Summer 2015 BSJ

The Summer 2015 BSJ cover

The Summer 2015 Baker Street Journal includes these articles:

The Editor’s Gas-Lamp.

Irregular Children: On Coming of Age in a Sherlockian Home
by Sonia Fetherston.

Dr. Hill Barton Pays a Call
by Chris Redmond.

The Game Is Footer
by Mark Alberstadt.

The “Masculine Novel”: Discussing the Female Position in the Canon.
by Victoria Rood

Was Holmes a Spiritualist?: The Evidence of Jefferson Hope.
by Nick Dunn-Meynell

The Case of the Bare-faced Literary Theft: Adrian Conan Doyle and the Danish Editions of the Second World War
by Palle Schantz Lauridsen.

The Baskerville Succession
by Malcolm Noble.

Art in the Blood
by Scott Bond.

The Commonplace Book.

Baker Street Inventory.

The French Artist
by Basil Chap.

My First Meeting with Sherlock Holmes: Sherlock Holmes Saved My Life
by S. J. Rozan.

The Return of Sherlock Holmes: In San Francisco with William Gillette.
by Timothy S. Greer

“Stand with me here upon the terrace . . .”


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The Editor’s Gas-Lamp

“Thoroughly modern”
by Steven Rothman, Editor

Steven Rothman, Editor, The Baker Street Journal

This is the best of times to be a Sherlockian; we live in a Golden Age. Lower your eyebrows, and wipe those quizzical expressions from your doubting faces. Stop and consider the facts.

Sherlock Holmes is—as every issue of the Journal confirms—everywhere. He is in the movies, on television, in bookstores, making headlines in newspapers—omnipresent in all the “old media” in which he has appeared for many years. But Baker Street has also captured the Internet. A Google search for “Sherlock Holmes” produces over 41 million results. Among those hits are thousands of blogs devoted to Holmes. There are also thousands of people on Twitter every day broadcasting 140 characters of Holmesian interest, and endless Facebook pages devoted to Holmes and Sherlockian doings. Besides these manifestations of Holmes in the wider popular culture, Sherlockian scholarship and publishing flourish with new and wonderful projects.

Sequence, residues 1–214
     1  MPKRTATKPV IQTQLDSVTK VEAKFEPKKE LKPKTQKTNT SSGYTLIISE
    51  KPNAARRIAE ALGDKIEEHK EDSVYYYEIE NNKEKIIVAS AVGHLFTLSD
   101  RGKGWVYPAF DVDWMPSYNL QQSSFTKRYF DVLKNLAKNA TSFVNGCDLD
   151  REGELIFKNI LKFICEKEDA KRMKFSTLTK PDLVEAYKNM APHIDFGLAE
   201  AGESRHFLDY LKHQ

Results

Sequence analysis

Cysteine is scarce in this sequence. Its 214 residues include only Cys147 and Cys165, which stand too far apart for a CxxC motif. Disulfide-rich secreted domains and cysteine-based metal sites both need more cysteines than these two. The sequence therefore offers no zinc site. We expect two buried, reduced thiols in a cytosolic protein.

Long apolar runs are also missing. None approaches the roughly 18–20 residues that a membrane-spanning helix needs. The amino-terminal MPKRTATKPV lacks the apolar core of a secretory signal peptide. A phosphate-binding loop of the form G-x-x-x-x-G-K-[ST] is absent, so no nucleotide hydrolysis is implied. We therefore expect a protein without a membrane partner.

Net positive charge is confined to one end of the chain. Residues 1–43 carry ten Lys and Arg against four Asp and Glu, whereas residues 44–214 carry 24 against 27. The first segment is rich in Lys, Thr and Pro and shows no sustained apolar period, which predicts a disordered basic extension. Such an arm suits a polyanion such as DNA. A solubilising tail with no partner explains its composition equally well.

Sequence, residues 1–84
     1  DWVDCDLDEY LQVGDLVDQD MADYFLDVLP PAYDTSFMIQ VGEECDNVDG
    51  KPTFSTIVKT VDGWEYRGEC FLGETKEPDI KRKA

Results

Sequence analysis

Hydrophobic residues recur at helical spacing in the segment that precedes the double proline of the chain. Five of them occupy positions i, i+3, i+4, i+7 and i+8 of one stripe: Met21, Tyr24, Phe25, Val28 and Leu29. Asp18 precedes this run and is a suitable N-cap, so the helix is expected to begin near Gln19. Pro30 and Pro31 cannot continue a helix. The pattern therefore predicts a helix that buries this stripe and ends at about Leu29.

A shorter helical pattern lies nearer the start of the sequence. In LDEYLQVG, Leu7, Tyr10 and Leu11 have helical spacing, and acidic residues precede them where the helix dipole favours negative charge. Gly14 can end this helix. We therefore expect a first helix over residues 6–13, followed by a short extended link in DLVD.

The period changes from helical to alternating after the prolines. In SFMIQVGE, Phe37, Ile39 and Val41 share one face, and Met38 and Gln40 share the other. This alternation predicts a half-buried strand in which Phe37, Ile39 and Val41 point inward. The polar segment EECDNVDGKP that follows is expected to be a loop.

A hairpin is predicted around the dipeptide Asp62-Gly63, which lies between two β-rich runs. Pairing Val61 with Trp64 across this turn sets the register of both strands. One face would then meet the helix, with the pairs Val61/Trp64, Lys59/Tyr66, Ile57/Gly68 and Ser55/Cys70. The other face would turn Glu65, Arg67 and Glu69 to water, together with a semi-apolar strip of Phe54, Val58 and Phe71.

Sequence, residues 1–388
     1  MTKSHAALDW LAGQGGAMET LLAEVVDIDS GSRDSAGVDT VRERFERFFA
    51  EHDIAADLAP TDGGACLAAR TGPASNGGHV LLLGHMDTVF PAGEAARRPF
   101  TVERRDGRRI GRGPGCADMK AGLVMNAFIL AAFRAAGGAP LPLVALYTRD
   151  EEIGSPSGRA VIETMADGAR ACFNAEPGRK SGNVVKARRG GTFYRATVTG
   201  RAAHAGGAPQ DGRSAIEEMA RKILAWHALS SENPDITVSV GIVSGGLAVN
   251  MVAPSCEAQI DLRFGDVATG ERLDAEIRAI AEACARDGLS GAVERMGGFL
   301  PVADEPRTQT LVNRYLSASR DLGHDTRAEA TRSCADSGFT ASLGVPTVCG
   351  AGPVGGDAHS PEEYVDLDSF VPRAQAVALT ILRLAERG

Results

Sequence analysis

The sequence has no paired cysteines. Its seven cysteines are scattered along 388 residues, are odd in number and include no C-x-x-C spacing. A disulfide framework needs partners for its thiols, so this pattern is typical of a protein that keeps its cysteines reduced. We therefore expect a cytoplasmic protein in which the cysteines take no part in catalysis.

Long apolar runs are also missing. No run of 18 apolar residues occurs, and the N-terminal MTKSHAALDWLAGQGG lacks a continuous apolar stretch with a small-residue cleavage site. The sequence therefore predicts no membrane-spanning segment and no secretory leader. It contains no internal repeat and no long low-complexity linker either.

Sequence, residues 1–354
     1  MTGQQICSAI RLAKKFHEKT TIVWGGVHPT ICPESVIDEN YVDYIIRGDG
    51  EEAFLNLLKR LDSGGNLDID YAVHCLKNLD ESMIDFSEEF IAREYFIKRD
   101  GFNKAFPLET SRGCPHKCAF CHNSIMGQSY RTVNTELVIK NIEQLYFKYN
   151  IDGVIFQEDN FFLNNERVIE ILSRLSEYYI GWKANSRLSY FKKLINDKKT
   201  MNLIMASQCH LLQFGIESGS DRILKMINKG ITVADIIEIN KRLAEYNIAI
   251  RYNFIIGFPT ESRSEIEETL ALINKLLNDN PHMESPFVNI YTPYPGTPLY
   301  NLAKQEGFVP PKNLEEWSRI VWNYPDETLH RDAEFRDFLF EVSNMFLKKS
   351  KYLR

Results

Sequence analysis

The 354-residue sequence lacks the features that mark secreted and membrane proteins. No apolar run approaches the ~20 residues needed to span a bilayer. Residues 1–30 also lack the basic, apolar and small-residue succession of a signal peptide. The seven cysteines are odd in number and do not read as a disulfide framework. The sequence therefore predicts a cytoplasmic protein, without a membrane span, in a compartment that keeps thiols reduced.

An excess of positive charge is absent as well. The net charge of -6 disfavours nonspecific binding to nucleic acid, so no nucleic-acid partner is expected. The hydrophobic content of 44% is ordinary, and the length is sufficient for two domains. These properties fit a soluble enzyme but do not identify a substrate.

Holmes, very much a 19th-century man, has captivated our time and proven himself a neat fit into what one might suppose to be a less gentle era. Part of Holmes’s appeal may be the gas-lit age in which he was launched, but equally enduring is the man who will always be cleverer than those around him and who uses his skills to do good (by his lights).

Being Sherlockian allows us to embrace the new—as Holmes did. Yet we don’t spurn the past. Rather, we use our knowledge of it to enhance our pleasure in the present and in holding fast to our belief that Sherlock lives.

The Editor’s Gas-Lamp, Summer 2015, Vol. 65, No. 2.

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